The Most Important Factor for Wellness Has Nothing to Do With Food, Exercise, or Time Management

“Across the country, everyone is looking for a cure for what ails them, which has led to a booming billion-dollar industry — what I’ve come to call the Wellness Industrial Complex,” reported performance couch Brad Stulberg for Outside Magazine this summer.

From “detox IVs” to “crystals for better energy,” Stulberg goes on to document the current mania for any trick, technology, or outlandish practice that might make us feel a little happier and healthier despite the world’s many worrying ills.

But there’s one big problem with these interventions. “So much of what’s sold in the name of modern-day wellness has little to no evidence of working,” Stulberg writes.

What does? You already know the basics. Eat food, mostly plants, not too much, in writer Michael Pollan’s famous formulation. Move your body regularly. Have friendsSleep.

All of which is fundamental, but none of it is surprising. But according to a new book by Columbia University psychiatrist Kelli Harding, there is one more essential piece of the wellness puzzle that few of us think about enough. And unlike tarot cards and “detox tea,” this factor actually makes a huge difference when it comes to your happiness and health.

It’s kindness.

The science of kindness and health

We all know that both our diet and our genes play key roles in our health, but back in the 1970s when scientists gave a group of genetically identical rabbits the same unhealthy, high-fat diet to see how it affected their hearts, they noticed that some of the rabbits were doing surprisingly well despite their gross diet.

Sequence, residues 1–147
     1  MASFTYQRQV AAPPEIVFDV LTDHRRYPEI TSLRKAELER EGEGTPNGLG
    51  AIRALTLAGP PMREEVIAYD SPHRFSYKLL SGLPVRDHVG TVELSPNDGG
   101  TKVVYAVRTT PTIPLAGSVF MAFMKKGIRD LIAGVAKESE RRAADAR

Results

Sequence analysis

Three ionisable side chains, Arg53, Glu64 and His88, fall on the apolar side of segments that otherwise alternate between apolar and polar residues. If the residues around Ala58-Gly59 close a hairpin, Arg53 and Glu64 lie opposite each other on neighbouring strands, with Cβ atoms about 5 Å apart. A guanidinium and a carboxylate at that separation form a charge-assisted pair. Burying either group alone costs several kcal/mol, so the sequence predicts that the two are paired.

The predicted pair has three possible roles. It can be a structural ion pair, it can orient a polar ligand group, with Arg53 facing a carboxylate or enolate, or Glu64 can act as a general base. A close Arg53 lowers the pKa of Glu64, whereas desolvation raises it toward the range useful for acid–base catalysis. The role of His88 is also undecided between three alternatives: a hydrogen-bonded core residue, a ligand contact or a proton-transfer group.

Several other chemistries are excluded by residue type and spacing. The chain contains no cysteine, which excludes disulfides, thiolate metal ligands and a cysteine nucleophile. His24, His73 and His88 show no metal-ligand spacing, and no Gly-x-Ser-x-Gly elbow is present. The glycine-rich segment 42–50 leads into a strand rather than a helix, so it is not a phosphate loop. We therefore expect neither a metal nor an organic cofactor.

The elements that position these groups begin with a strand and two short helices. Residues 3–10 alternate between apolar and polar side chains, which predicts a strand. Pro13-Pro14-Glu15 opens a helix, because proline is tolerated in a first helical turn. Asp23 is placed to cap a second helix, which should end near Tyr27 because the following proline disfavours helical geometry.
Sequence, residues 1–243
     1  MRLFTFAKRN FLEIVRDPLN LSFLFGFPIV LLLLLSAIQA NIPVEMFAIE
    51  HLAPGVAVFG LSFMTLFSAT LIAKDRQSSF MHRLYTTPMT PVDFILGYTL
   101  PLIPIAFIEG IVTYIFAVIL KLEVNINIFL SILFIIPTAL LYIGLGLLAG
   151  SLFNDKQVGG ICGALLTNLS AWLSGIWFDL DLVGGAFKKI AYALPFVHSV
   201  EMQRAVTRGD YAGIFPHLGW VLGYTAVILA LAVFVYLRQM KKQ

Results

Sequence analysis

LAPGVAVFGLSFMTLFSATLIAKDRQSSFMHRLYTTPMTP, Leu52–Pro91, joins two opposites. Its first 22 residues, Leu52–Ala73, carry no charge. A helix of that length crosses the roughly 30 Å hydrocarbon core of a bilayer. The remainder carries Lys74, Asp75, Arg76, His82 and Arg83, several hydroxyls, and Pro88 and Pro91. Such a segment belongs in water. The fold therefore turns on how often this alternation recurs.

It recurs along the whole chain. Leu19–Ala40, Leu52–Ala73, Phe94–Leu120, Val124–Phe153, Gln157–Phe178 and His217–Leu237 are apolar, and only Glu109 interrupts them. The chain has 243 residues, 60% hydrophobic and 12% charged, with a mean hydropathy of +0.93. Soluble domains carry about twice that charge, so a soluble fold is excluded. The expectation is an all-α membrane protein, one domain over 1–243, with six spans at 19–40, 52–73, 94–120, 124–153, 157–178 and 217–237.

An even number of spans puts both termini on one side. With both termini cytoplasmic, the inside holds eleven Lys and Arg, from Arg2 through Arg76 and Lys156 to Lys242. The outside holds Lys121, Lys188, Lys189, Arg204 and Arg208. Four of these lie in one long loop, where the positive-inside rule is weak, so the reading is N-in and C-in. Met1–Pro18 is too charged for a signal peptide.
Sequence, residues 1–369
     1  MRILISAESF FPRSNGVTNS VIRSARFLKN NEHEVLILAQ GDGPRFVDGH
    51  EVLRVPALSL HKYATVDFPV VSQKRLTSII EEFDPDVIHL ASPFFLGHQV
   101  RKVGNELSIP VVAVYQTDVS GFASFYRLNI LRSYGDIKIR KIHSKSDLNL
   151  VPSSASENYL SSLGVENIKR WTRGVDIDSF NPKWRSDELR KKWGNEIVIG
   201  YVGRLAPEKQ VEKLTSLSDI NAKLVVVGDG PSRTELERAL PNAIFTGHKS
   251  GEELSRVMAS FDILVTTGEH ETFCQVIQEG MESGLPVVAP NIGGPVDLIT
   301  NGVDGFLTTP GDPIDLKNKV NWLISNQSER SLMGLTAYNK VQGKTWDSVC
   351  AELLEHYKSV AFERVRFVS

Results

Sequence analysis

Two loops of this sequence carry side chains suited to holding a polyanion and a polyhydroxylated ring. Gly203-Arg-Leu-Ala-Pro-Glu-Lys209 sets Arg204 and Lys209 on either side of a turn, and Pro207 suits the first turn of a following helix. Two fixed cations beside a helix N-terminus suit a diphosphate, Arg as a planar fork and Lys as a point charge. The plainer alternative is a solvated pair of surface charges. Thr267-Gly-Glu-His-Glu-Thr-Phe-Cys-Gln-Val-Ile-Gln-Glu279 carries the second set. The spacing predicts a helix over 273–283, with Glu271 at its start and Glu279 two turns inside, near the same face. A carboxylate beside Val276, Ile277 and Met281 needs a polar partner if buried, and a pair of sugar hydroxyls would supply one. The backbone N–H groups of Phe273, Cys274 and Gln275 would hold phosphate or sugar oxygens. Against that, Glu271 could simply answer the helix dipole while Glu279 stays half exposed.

The difference couldn’t be their food or their genes, as those were carefully controlled to be the same. So what was the magic factor protecting some of the rabbits?

“They looked around and realized what was different about that one group is that there was a researcher that wasn’t just giving the rabbits kibbles. She was actually picking them up. She was petting them. She was talking to them. She was giving them love and kindness,” says Harding in a Knowledge@Wharton interview. That’s why her new book on the under-appreciated role of kindness in wellness is titled The Rabbit Effect.

What’s true for bunnies is true for humans. Whether you live a long, healthy, happy life or a short, stunted one has a great deal to do with whether the world metaphorically picks you up and cuddles you or just hands you kibbles through the door of your cage.

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